NEW YORK — So, for a change, the New York Daily News was correct; Don Chaney was, indeed, replaced on the Knicks’ sidelines by a former coach of the Cavaliers and Hawks who’s represented by Atlanta-based Lonnie Cooper (as is Isiah Thomas) . . . except it’s not Mike Fratello, it’s Lenny Wilkens.

Details. Details. Details.

Who among us isn’t almost as seriously stunned as News-breaker Mitch Lawrence?

On what once was the NBA’s most majestic stage, the 66-year-old Lazarus, er, Lenny (you know, they kind of look the same) was brought back to the lavish lifestyle he ate up for 29 seasons (which grew progressively unpleasant toward the end in Atlanta and Toronto) as a Hall of Fame coach and 15 as a Hall of Fame player.

Furnishing us with this raging debate: Which miracle is greater, Chaney not being given a contract extension prior to getting fired, or Wilkens suddenly returning from richly deserved oblivion?

Excuse me if I hold off praising Lord Thomas.

Whatever happened to giving Chaney the chance to stand tall?

Talk about an aborted short-term adjustment period. Not that I don’t understand Thomas’ quick hook.

Chaney’s recent decision-making to zone the sniper-infested Mavericks and cold shoulder his boss’ overture to tutor Stephon Marbury made it clear he was screaming to get rubbed out.

Still, why the heated rush to commit to Wilkens long term?

What’s so alluring about someone caked in formaldehyde?

A four-year contract!

The guy was out of the league, out of work and out of everyone’s mind but Thomas. He would have taken four months!

We’re talking New York, not York, Pa. Who wouldn’t roll over and bark for the prized chance to coach the Knicks?

It’s one of the most prestigious in any sport, let alone the NBA. Coaches would break contracts to own Madison Square Garden’s home court advantage.

What was the hurry?

Especially since the team’s rebuilding is in its infancy.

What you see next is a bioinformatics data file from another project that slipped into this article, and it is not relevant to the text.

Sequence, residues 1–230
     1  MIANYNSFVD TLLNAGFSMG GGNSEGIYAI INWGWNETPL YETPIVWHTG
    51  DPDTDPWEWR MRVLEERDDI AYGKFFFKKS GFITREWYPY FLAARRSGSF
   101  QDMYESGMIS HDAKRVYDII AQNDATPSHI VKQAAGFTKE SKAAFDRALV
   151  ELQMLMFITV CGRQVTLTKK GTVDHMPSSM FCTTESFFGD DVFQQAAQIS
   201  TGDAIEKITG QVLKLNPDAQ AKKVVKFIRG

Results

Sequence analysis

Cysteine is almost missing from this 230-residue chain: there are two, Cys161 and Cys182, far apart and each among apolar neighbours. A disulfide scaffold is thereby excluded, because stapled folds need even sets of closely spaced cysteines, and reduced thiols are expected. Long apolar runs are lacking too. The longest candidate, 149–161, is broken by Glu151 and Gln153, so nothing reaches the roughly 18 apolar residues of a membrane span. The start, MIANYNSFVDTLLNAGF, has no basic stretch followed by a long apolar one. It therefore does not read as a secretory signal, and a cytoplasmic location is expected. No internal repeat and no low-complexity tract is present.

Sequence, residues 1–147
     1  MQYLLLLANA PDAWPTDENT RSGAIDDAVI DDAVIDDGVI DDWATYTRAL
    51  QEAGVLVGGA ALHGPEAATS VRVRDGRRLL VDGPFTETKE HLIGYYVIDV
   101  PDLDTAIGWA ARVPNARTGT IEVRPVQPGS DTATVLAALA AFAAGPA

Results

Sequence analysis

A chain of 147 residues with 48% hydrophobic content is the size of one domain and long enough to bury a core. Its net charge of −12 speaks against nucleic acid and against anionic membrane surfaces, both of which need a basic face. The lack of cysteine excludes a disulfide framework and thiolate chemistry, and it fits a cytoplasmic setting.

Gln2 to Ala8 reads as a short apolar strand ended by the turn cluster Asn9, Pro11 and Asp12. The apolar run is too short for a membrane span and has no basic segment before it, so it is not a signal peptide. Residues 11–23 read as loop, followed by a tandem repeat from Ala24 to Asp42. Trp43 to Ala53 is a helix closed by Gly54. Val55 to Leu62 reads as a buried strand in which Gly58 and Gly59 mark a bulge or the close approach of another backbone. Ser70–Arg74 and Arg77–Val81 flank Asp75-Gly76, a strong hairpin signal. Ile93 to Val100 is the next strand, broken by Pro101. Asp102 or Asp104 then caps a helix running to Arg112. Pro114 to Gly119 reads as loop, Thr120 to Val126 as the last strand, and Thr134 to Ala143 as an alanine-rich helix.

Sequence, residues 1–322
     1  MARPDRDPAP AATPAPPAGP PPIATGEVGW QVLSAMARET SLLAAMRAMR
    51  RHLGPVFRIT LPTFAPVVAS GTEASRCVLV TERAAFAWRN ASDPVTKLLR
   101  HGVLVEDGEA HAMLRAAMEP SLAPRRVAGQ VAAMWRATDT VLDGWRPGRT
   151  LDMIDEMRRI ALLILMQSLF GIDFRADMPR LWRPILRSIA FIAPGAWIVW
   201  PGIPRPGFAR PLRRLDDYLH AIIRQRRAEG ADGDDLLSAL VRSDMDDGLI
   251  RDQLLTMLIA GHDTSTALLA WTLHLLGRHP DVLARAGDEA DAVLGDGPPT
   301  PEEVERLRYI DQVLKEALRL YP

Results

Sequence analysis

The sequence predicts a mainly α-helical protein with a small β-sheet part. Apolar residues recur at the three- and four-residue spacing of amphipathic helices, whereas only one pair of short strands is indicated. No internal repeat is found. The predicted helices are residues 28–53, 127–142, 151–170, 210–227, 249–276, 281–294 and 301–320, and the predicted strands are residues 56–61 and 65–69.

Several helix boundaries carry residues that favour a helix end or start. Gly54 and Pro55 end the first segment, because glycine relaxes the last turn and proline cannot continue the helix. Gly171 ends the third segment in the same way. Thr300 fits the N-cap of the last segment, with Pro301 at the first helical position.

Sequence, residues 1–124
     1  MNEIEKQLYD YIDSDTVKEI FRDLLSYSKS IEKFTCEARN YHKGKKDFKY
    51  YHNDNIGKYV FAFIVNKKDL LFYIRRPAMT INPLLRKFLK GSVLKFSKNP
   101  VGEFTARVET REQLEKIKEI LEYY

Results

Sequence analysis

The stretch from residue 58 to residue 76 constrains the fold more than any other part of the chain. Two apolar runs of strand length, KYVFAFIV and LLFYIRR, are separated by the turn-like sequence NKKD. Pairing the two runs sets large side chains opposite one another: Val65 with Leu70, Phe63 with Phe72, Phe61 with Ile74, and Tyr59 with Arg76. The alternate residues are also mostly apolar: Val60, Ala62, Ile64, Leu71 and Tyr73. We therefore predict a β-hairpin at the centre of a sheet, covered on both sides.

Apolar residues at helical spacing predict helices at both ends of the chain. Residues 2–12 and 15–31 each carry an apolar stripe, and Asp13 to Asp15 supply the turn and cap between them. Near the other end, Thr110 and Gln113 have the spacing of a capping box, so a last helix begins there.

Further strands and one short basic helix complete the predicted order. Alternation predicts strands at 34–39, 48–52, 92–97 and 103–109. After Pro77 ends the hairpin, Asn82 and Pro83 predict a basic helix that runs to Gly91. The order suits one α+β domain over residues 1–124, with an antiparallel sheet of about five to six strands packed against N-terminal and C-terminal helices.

What would have been wrong with appointing an interim for the remainder of the season?

Wilkens would have been acceptable, I suppose, as a sub. Then again, how many Top 50 all-time point guards do the Knicks need bonding with Marbury at one time, anyway?

Thomas owed it to the organization’s future to scope out every feasible candidate and that couldn’t be accomplished in its entirety until the end of the season, when even superior coaches tend to get laid off.

Yes, Fratello, Doc Rivers, Doug Collins, Michael Woodson and Randy Wittman were thoroughly investigated and contacted over the last week before deciding on Wilkens.

But, if you want the absolute best for your team, shouldn’t Thomas at least have asked Pat Riley if he would be interested in coming back?

Shouldn’t he want to find out if Jeff and Stan Van Gundy have a brother?

Don’t Kareem and Mark Jackson deserve a meeting?

Guaranteed, Eric Musselman won’t be a Warrior when Chris Mullin takes over the front office next season.

Aren’t the Knicks on Larry Brown’s Top 20 Dream List?

Instead, Thomas lunged for Lenny.


He won more than Chaney and he lost more. Won an NBA title and Olympic gold medal.

In other words, he’s perceived as the one to get the Knicks to the suite level.

That’s the appeal.

The aversion?

Wilkens is an older version of Chaney.

Good guy, respectful of players, but not a threat to confront problems or light a fire under guys. And that’s what the Knicks — exempting Marbury and Kurt Thomas — crave.

They need a coach to drive them, someone who has them ready to kill coming out of the locker room.

“We hardly ever practiced,” an ex-Raptor testifies, dumbfounded by the hire, “and when we did practice we hardly did anything. We would be in the gym an hour and do nothing. We had to do extra stuff just to stay in shape.

“You’re never going to get a glare or a stare from Lenny. He’ll never freeze frame you for doggin’ it. There was never any accountability in Toronto or Atlanta.

Ask Dikembe. The Knicks need that. It’s one of the main things missing. Isiah brings it, but you need it down low, too.”

Considering Wilkens isn’t exactly Mr. Media, an ex-supervisor questioned how Wilkens would survive in the middle of the media capital of the world.

Overall, his viewpoint is relatively gentler than the above.

“Isiah injected respectability into the roster and now he’s injected new respect into the bench. Most veterans respect Lenny and the Knicks are mostly veterans. Eventually they’ll get tired of the same message.”

The bright side: The Knicks finally got that Celtic (Chaney) off their team.

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